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The Banking Executive Accountability Regime should be irrelevant to professional, community-focused bankers

by Lewis Panther | 12 Mar 2020
The Banking Executive Accountability Regime should be irrelevant to professional, community-focused bankers.

That’s the view of Chartered Banker Stephen Mifsud, who recently graduated through FINSIA’s accelerated 12-week intensive pathway.
 
“If you are passionate about doing the right thing whether BEAR's there or not becomes irrelevant,” the Judo Bank managing director told InFinance.

“In my mind it's legislation that basically ensures senior executives are accountable for their actions.

“But I think if you start out from a point where the culture you have in a business is centred around doing the right thing that is the simplest solution we need to adopt.

“If you always come from a place where your professionalism and your integrity are paramount and you want to do the right thing by the customers and by the community then BEAR shouldn’t be needed. 

“I know we cannot say it is irrelevant because I understand we need safe guards there.

“But you could argue that if you come to work to do the right thing every day, you probably don't need it. 

“I guess the unfortunate thing is that I would love to think that the entire industry would sign up to this, but maybe that won't be the case.”

Like others who have been through the course, the ability to take a step back and reflect was a crucial component.

“Just being allowed the time and the space to reflect back on your career, and to think about how you've grown and developed as a professional is fantastic,” he said.

“It provides a methodology to allow you to learn and develop and continue to do so - as opposed to just teaching you a process or system.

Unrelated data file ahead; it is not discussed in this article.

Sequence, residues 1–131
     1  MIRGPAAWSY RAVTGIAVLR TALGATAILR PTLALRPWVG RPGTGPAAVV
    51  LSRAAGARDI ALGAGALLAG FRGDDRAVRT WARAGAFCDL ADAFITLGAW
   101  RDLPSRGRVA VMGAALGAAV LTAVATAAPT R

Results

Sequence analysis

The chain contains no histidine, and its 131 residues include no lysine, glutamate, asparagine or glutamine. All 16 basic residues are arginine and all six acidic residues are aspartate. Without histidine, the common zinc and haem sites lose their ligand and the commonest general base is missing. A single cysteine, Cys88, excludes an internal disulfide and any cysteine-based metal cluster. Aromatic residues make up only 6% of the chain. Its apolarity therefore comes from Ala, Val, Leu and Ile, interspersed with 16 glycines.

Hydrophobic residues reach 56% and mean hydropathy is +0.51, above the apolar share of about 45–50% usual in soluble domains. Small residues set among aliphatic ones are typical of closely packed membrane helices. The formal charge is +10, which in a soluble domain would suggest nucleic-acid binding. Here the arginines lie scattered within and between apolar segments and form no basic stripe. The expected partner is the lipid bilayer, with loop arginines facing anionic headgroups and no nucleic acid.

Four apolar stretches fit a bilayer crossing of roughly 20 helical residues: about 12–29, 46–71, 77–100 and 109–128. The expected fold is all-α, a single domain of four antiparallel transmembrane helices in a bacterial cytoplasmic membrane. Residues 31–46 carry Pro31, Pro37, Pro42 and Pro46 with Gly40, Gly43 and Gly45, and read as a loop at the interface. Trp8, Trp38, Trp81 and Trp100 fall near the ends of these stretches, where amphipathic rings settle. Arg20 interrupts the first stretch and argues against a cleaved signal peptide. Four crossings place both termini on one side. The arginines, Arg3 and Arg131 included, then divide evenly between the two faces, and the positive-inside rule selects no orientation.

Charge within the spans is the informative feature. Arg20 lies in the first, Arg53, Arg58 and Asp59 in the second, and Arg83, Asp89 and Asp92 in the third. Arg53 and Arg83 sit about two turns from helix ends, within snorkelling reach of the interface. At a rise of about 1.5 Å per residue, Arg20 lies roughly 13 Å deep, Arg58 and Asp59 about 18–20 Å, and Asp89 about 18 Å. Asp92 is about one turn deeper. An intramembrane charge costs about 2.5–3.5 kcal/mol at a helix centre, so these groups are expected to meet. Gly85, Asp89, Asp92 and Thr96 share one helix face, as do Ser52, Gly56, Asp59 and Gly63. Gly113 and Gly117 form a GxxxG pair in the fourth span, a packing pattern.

“By reflecting on your entire career, and then take the learning from that around what you thought at that particular point in time versus what you think now is a real benefit.”

While the accelerated pathway may be short, he says it is “very, very demanding. But I think what you walk away with is well worth it, and I would obviously recommend it to everybody.

“Having worked in chartered accounting, I see the value firsthand that Chartered starts brings to an industry.

“As a banking industry to be able to leverage something similar is what is needed. 

“This makes it sort of world class.

“I would like to think that the leaders in the industry will actually support it. Let’s hope so.

“For our bankers who can get through on by experience, fantastic, but for the less senior bankers, there is a program to proficiency that as a bank we'll look to support.”

Highlighting some tips of for those thinking about the course, he said: “If you think this is sort of just a tick-a-box course, I will be absolutely clear that it is not. 

“Whilst the content is not necessarily over complex, the actual theories, and the full process, and the thinking required behind it, really draws out those who fundamentally understand banking and what we're trying to achieve versus those individuals who can rote learn. 

“You need to fundamentally understand that to be able to deliver to it. So, understanding and application for me is probably key.

“In my mind, chartered banker will distinguish those who have the qualification. It will make the distinction between the best and the rest.”

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